Water Lily aquatic plants par excellence


Monday, 19 October, 2015
 
A few weeks ago we told you about the semi-aquatic plants growing on the banks of rivers and ponds.
 
But, there are others that grow in water, either completely submerged, with the leaves flush with the surface or rising above it. Some root in the background, while others float freely. Among the growing submerged, there are some that complete their life cycle underwater, ie, flower and fruit under water; in others, only the flowers poke above the water and there are pollinated by insects.
 
Hundreds of species between vascular plants (flowering plants and ferns) who have chosen the aquatic habitat are known; if we add the unicellular and multicellular algae, thousands. Here we can deal only vascular plants, sometimes called "higher plants" as opposed to algae, which are less developed and have sap conducting vessels.
 
Most of them live in fresh or brackish water, but also vascular plants with flowers in the sea. The Canarian "Sheba" (Cymodocea nodosa), which is so important for marine life sebadales in sandy bottoms, is one of these marine plants, although many people think is a seaweed, has nothing to do with them.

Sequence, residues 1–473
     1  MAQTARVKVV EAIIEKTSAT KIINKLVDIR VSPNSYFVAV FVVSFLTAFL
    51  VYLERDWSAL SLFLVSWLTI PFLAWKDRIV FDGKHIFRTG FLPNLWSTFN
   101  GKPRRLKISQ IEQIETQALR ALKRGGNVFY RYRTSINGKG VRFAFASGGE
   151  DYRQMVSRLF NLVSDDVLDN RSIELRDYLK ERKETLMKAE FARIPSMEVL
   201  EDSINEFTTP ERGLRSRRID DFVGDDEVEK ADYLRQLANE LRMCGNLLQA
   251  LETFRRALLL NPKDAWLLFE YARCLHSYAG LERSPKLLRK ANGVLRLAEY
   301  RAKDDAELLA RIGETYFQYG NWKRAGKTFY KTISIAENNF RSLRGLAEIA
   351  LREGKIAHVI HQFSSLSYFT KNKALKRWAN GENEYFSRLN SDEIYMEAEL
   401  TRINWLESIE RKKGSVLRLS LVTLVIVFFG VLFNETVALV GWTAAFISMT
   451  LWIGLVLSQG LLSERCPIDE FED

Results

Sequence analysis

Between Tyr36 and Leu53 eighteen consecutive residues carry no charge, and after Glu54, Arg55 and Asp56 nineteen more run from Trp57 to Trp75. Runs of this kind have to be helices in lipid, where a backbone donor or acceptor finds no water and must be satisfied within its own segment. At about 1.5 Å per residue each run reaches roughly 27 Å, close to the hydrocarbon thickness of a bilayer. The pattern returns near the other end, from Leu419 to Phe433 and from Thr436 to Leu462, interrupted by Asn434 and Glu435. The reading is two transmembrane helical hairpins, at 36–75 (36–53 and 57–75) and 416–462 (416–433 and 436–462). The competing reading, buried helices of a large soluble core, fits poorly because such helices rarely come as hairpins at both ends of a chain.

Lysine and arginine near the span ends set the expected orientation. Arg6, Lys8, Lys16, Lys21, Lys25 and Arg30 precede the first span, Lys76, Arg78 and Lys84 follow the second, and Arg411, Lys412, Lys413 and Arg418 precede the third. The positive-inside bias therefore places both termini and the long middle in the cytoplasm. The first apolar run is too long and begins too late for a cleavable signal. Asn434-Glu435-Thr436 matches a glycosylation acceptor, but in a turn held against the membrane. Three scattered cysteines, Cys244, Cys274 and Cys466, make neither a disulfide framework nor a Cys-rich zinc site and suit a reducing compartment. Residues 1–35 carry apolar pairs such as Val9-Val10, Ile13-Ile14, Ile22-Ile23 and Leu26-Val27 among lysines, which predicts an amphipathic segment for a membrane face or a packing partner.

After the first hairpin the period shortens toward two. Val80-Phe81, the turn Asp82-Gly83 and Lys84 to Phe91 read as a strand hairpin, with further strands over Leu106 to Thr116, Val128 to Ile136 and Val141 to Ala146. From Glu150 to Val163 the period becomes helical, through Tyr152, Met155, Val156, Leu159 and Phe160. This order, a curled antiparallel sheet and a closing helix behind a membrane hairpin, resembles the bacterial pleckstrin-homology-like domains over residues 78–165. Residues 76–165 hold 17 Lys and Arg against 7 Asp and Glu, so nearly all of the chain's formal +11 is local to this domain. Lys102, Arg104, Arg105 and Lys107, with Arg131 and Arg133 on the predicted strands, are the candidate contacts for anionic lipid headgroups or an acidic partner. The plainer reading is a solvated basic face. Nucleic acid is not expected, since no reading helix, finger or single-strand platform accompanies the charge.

Surely, the best known aquatic plants are water lilies. They are valued primarily for their beauty, but also have several medical applications. Used for example to relax the nerves and to treat abscesses and other skin problems.
 
Lilies are called to a group of plants of various botanical genera, mainly Nymphaea. In this genre there are several dozens of species, distributed worldwide, but no native species in the Canaries, no doubt by the lack of suitable habitat, and neither has so far found no naturalized. On the other hand, also the famous lotus (Nelumbo nucifera) and the genus Nuphar.
 
They are perennials with a long rhizome that grows in the mud at the bottom. The leaves are born underwater, but will grow up and finally the sheet, generally rounded, extends over the water surface, being anchored to the bottom by a long stalk. Depending on the species, the flowers are almost flush with water or soar over longer or shorter stalks.
 
Due to the popularity of these plants, today there is a huge number of varieties obtained by crosses and artificial selection, as in any other cultivated plant. Generally they need good quality water (low salinity) and clean, with a minimum depth of about 25 cm and a bottom of mud or mud. They can be found in full sun or partial shade trees to the riverside. The we can also grow in large pots placed under water.
 
Throughout this week we will present you other aquatic plants that are perhaps not as famous as the lily, but are very nice too!